Homestead Elegy: a quintilla

A quarter mile back down the lane
paved with loose stone and bits of brick,
past three tall trees that still remain
after ten years almost the same,
though at their bases weeds grow thick,

a wood frame house, its paint in peel
and tin roof rusted rough and brown
still stands, though some would say it kneels
between the overgrown bean fields
and waits for time to knock it down.

The circle drive, worn deep with holes
from tractor wheels and rude snow plows,
runs from the lane to the light pole,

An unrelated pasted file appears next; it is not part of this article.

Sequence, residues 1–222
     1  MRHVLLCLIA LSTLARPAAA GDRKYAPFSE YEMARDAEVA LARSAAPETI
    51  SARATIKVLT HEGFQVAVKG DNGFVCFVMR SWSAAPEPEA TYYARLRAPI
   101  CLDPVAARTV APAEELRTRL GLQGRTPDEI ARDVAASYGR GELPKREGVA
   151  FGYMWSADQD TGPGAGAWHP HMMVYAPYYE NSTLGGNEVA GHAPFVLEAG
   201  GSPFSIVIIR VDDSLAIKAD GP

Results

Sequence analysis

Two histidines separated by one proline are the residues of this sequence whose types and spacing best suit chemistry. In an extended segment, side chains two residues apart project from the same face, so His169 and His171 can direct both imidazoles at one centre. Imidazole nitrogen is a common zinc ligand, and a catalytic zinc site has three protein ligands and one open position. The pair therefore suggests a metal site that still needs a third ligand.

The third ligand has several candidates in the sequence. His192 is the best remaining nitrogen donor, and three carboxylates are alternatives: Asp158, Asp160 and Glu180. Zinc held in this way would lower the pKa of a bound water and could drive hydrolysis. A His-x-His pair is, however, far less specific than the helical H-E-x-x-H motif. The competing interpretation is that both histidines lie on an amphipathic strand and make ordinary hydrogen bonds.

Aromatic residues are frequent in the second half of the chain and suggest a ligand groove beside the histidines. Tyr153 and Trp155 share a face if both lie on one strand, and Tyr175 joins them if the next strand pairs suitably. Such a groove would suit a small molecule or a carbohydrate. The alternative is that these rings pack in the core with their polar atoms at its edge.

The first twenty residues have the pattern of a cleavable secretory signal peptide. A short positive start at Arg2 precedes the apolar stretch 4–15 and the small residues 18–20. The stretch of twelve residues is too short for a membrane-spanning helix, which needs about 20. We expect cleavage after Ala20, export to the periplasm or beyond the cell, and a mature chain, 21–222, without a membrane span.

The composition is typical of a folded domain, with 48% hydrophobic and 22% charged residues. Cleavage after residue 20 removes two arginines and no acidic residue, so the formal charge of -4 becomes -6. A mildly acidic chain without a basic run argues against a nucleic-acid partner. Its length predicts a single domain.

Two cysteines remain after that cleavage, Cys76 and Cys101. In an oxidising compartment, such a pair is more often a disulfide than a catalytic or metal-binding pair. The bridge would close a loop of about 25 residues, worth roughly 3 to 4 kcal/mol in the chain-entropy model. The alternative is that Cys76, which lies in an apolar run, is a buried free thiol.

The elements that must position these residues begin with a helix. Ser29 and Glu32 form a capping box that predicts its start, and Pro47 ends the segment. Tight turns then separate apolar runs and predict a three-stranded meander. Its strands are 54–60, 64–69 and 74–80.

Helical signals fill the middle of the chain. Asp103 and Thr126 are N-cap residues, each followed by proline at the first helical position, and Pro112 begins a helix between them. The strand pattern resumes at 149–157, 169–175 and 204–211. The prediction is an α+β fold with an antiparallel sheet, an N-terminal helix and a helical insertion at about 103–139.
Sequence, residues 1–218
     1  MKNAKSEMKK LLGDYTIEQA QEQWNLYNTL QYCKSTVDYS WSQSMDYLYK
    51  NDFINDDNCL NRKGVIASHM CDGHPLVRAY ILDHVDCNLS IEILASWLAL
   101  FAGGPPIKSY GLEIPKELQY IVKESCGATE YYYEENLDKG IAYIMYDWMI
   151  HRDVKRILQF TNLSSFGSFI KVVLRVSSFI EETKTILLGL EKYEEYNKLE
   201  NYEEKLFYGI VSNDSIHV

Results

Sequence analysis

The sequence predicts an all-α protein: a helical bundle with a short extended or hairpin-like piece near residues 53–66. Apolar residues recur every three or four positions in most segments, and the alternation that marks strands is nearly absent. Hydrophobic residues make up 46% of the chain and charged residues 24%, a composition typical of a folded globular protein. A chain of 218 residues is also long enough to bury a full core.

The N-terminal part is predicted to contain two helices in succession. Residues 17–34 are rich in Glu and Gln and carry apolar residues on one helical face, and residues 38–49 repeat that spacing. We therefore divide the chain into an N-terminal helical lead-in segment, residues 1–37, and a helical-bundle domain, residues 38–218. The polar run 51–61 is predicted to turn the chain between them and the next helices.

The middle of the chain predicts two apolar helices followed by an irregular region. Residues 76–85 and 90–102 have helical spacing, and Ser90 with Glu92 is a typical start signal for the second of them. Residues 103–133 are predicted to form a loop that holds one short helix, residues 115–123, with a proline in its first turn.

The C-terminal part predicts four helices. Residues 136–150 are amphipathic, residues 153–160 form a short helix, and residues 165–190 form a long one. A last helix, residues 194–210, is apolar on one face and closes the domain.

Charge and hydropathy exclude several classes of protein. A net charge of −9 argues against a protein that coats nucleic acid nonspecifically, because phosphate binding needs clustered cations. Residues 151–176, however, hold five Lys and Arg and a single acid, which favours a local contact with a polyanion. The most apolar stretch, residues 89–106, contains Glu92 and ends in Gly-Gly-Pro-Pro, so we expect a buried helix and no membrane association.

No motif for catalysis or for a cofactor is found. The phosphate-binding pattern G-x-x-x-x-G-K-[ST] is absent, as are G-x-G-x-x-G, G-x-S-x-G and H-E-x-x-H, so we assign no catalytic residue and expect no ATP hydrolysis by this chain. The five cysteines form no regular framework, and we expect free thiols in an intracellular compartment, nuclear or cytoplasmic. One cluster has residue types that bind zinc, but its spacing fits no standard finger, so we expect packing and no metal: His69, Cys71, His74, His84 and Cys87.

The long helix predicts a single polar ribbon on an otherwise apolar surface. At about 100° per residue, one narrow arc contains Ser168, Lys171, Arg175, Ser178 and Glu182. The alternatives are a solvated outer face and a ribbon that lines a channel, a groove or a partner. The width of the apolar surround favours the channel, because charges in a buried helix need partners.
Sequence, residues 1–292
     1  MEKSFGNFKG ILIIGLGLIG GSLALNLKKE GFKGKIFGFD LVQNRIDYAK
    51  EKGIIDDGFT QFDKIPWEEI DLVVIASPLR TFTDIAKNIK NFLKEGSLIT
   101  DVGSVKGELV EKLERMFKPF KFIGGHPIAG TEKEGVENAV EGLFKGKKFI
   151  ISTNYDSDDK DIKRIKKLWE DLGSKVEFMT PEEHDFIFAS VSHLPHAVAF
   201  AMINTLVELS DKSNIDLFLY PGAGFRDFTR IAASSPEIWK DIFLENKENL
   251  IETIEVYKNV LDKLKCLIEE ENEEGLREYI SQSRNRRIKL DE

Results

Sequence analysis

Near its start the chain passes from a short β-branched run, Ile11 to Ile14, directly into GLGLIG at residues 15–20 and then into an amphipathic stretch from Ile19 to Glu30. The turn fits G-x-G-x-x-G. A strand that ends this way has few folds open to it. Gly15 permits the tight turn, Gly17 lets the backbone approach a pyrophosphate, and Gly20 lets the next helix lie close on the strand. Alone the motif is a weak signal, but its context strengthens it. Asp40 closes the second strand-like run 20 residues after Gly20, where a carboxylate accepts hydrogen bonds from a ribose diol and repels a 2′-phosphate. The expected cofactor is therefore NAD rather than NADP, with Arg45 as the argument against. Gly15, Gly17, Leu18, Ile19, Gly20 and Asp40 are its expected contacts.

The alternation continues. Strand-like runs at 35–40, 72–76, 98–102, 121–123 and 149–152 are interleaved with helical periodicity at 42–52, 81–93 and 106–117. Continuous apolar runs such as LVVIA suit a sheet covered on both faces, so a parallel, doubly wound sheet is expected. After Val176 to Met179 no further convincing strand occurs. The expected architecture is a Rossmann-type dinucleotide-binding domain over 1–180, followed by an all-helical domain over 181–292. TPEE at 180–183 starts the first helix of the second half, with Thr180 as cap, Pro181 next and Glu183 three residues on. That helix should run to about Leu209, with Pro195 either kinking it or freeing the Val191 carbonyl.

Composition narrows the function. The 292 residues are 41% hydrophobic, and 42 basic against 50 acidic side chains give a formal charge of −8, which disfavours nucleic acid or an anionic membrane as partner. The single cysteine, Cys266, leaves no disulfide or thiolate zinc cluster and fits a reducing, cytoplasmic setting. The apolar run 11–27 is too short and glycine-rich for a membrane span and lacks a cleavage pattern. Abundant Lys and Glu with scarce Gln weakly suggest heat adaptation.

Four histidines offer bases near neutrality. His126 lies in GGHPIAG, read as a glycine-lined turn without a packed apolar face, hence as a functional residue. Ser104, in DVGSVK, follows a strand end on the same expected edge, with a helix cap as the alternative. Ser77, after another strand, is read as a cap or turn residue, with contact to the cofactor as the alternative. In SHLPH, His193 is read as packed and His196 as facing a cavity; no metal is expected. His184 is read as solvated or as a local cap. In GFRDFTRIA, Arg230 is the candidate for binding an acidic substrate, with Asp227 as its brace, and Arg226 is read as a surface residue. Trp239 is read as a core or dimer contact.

its path no longer clear and whole –
just where it leads, no one knows now.

Beyond the house, down the back hill
through waist-high weeds and long cat-tails.
a drainage culvert runs; it fills
to form a moat, brackish and chilled,
when the snow melts, and spring storms hail.

Before, this place was live and hale,
a stand against the world untamed –
its yards well-tended, hay grass baled;
was not the farm, but farmers failed,
and left the land to take the blame.

Now later, its old bones lay bare,
the marrow dried to dust and stain;
gone too, those who could point to where
among the wild weeds it sleeps there
a quarter mile back down the lane.

revised 26 APR 2004

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